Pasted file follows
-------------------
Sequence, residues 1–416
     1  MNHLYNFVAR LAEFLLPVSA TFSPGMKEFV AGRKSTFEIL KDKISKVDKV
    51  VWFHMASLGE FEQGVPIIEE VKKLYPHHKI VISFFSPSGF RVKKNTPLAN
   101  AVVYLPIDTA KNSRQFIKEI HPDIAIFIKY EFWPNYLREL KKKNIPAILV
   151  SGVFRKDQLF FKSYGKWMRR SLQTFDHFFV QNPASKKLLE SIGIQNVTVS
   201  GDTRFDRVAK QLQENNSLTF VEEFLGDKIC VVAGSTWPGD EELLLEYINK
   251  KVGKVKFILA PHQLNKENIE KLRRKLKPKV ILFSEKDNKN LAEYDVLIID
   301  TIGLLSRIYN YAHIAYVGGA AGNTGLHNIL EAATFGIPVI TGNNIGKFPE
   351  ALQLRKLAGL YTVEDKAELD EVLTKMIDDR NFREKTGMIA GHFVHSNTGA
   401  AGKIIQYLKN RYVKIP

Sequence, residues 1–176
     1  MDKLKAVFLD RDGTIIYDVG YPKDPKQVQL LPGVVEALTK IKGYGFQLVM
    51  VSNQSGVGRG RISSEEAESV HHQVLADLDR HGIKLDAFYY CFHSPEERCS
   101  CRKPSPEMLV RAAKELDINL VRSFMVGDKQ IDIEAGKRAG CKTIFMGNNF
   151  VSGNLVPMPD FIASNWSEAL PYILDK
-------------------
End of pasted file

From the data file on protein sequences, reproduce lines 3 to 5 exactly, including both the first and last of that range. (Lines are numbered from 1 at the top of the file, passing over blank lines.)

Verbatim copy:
    51  VWFHMASLGE FEQGVPIIEE VKKLYPHHKI VISFFSPSGF RVKKNTPLAN
   101  AVVYLPIDTA KNSRQFIKEI HPDIAIFIKY EFWPNYLREL KKKNIPAILV
   151  SGVFRKDQLF FKSYGKWMRR SLQTFDHFFV QNPASKKLLE SIGIQNVTVS